The process according to FR-PS No. 15 48 337 is identical to the process just described with the exception that the printed foil is heated by means of infra-red radiation instead of contact heating by means of a polystyrene foil and that molding takes place exclusively by a partial vacuum beneath the relief mold. This represents an improvement over the above mentioned transparent relief surface layers. Inasmuch, however, as with both of these processes considerable pressure forces act upon the foil during the molding, such force being listed as 7 kg/cm2 for the first described process, it follows that the foil must necessarily have a certain thickness. As a consequence, delicate relief structures may not be reproduced with great fidelity. While this may not be very important for some types of originals, the delicate technique of mannerism, especially of the Munich school, will result in marked differences from the original.
An object of the invention is thus to solve the task of providing an oil painting reproduction process resulting in reasonably priced reproductions of highest fidelity to the original.
In accordance with the present invention, by the homogeneous heating of the printed foil through its entire thickness of its body, respectively, to the liquefying temperature, the foil melts down into the recesses of the relief mold. Because in this melting process, the foil is essentially molded by its own weight, and no strong forces must be applied to it, particularly in its liquefying state, such foil can be very thin, so that hardly visibly surface structures can be faithfully reproduced. It is an added advantage of the use of such a very thin foil that very little heat is needed and the colors used are exposed to heat for a much shorter time span, reducing the danger that the colors might be falsified. Such also improves the speed of the process since the times for heating and cooling are much shorter. It is an added advantage of the process of the invention that the relief mold used can be made with the greatest ease. Only in very rare cases could it become necessary to provide microscopically small openings to let trapped air escape from under the melting foil.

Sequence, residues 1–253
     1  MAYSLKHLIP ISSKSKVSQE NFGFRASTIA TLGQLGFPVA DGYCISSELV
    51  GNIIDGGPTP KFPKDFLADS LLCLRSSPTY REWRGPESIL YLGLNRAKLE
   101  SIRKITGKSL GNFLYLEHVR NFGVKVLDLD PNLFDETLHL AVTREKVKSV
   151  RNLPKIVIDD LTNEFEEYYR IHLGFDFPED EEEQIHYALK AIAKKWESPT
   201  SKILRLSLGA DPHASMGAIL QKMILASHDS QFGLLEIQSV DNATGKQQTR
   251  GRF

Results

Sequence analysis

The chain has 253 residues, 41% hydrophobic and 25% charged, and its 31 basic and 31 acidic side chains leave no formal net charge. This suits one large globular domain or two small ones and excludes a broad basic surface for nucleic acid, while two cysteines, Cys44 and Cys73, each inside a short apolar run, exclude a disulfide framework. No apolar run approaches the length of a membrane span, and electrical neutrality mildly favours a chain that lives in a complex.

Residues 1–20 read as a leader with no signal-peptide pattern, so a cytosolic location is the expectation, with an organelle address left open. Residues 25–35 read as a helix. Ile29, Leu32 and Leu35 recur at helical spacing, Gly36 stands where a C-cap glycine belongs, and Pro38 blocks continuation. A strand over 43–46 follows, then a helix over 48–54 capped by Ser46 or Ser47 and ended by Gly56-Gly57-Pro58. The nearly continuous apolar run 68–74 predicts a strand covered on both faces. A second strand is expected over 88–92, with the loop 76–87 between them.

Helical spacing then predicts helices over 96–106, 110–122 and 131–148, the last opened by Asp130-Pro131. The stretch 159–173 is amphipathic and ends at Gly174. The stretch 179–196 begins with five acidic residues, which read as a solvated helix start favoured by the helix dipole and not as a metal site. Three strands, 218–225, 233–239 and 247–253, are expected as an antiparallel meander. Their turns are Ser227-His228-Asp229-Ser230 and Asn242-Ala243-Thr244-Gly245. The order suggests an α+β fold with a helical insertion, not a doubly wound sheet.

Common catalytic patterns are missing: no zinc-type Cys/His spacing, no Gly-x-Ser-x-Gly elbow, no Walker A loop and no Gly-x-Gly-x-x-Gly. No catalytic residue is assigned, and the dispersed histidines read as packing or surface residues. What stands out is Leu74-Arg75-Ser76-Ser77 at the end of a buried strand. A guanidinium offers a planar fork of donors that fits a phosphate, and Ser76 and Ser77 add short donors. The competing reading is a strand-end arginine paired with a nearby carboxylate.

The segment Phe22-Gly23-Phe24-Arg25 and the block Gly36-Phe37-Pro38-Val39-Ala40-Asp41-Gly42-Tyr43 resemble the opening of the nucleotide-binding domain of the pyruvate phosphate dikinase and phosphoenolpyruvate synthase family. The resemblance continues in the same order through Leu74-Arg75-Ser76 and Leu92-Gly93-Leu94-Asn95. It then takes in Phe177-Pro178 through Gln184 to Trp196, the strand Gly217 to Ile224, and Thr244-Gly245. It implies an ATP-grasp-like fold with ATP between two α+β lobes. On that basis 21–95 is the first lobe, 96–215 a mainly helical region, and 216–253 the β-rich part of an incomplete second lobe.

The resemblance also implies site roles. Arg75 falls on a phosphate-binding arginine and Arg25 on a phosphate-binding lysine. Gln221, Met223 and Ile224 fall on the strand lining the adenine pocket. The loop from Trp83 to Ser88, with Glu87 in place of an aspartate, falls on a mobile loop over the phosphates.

A particular advantage of the present invention resides in the fact that simultaneously with the shaping of the foil, a supporting layer is applied to the reverse side of the foil. Preferably, the supporting layer is molded in the same manner as the foil, by homogeneously warming it to the melting temperature of its flowable components, so that it flows towards the relief mold together with the foil, and forms a strong background as soon as the foil has assumed the structure given by the relief form. Preferably, a textile layer embedded in polyvinylchloride is used as a supporting layer, whereby this carrier material is preferably linen soaked in a polyvinylchloride in order to provide a particularly faithful reproduction. In this case, the essentially homogeneous heating of the foil on the one hand and the polyvinylchloride layer on the other, the flow of the foil into the contours of the relief mold is achieved and supported by the subsequent additional flow of the polyvinylchoride.